Building 'S'pore home's in India


Raffles Park villa type 3 day view

India-watchers will tell you that the country's economy is passing through a rough phase. And its real estate market is not in top gear.

But a Singapore family, which has been in the property business for a long, long time, is going ahead with its first real estate venture in India.

The Jumabhoy siblings Iqbal, Asad and Mimi Nassem are developing a 15-acre plot in Bangalore's Whitefield, promising villas that match Singapore standards. The land they are developing has been with the family for several years. It was bought by Mr Iqbal Jumabhoy's father in the '90s.

Said Mr Iqbal: "In the current state of the real estate market in India, Bangalore is one of the bright spots and Whitefield within Bangalore is an even brighter spot. That is why we decided to go ahead with this project at this time."

The development named Raffles Park - consisting of 61 villas - will be built in four phases. The first phase of 20 villas was sold out even before the project was launched.

"We are doing a preview this weekend here in Singapore for the second phase," said Mr Iqbal, 56.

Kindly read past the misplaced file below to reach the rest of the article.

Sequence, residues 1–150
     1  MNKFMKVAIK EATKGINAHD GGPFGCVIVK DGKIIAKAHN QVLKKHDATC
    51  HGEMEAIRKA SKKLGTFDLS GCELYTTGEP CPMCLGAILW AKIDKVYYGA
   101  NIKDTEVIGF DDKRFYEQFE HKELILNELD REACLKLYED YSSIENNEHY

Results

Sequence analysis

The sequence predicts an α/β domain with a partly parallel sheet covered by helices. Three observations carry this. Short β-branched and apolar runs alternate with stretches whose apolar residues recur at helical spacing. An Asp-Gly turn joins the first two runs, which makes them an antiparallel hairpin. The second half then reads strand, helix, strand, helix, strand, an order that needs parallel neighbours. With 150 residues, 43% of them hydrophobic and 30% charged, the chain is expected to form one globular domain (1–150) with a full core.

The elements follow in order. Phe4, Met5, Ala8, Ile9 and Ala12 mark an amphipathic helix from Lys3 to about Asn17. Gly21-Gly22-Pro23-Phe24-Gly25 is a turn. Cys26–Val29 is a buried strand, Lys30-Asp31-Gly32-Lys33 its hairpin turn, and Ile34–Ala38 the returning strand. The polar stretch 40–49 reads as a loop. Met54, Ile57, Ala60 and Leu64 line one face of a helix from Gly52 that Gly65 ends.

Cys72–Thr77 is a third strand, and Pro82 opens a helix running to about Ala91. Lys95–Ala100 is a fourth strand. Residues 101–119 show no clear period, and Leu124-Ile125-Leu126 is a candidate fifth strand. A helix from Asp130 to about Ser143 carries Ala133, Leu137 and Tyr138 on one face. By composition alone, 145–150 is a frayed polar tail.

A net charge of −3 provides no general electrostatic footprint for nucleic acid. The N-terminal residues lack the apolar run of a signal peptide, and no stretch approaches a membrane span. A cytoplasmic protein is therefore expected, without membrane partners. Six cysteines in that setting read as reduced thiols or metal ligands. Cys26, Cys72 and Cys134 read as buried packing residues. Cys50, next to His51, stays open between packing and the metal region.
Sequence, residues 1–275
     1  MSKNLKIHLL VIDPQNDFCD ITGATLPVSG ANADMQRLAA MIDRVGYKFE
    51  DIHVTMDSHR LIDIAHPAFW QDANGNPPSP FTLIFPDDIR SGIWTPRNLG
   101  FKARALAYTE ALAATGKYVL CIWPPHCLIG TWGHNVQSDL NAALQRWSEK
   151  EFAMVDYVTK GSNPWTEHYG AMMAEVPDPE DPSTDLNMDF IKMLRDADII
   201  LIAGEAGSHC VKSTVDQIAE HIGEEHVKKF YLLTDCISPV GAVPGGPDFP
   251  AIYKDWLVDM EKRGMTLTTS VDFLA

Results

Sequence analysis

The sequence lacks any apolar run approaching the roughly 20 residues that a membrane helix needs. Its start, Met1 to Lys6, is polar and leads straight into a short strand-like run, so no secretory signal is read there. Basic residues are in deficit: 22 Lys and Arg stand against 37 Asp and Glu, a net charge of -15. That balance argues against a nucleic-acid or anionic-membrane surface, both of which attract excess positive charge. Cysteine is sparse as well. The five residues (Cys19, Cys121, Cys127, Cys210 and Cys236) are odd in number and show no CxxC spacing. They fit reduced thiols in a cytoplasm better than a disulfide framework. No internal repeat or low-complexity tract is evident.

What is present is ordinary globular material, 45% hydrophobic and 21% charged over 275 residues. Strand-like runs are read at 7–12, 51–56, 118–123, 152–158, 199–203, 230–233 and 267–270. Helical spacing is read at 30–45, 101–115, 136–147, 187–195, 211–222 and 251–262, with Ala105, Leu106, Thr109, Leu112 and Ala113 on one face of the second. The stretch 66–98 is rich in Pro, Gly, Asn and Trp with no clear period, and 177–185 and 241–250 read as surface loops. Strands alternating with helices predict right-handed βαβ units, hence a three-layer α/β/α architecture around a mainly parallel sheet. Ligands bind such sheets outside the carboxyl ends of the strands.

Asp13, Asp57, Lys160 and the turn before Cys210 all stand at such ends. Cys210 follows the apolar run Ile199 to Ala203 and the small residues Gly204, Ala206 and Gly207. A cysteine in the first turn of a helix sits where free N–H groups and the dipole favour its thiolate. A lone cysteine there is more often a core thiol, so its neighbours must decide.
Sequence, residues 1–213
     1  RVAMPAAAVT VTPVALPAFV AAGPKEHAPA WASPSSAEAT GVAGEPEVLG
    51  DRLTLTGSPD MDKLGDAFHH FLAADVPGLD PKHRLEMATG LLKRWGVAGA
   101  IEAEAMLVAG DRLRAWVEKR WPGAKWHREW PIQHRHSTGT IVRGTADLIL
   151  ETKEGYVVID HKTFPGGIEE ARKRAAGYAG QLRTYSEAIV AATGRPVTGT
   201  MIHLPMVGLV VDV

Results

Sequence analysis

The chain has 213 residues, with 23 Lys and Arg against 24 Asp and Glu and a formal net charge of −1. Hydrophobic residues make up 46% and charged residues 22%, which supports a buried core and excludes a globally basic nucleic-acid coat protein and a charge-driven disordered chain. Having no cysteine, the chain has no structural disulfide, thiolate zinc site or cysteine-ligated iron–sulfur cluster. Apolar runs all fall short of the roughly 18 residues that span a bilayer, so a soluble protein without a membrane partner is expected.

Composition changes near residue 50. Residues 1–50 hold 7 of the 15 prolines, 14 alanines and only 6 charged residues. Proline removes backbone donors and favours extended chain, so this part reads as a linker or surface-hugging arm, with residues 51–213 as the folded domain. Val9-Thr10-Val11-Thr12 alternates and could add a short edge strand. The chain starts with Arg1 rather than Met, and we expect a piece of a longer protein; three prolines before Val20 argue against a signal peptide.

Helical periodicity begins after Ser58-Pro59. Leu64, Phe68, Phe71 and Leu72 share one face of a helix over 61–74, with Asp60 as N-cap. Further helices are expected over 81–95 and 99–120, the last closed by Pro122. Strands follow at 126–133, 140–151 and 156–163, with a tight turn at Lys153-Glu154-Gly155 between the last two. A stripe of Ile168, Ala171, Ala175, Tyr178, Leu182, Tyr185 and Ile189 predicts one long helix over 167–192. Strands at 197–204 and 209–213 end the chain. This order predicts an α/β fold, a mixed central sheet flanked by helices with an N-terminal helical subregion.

The Jumabhoys anticipate strong demand for this phase, which comprises 15 villas, from Indian nationals and people of Indian origin living here - quite a few of whom are among those who bought villas from the first phase.

Mr Iqbal says Raffles Residency, which is building Raffles Park, will give people exactly what they are promising. And what is it?

"What you are seeing perhaps is one of the few projects where only 19 per cent of the land is covered. It is special in its design because it is consistent all the way through. It is being put together by a developer they know. The project is being thought about not just for the way its residents live today but the way they will live in future," said Mr Iqbal, giving examples of how every villa will have a bedroom on the ground floor that can be for aged parents or for use by a guest. It will also have a lift.

The villas, consisting of a basement and three floors, will have two family rooms. This is to ensure that while some in the family may want to watch TV, the children can do their own things in the other living room.

Singapore architecture firm WOW Architects and India's Karan Grover, known for his green designs, are the architects for the development.

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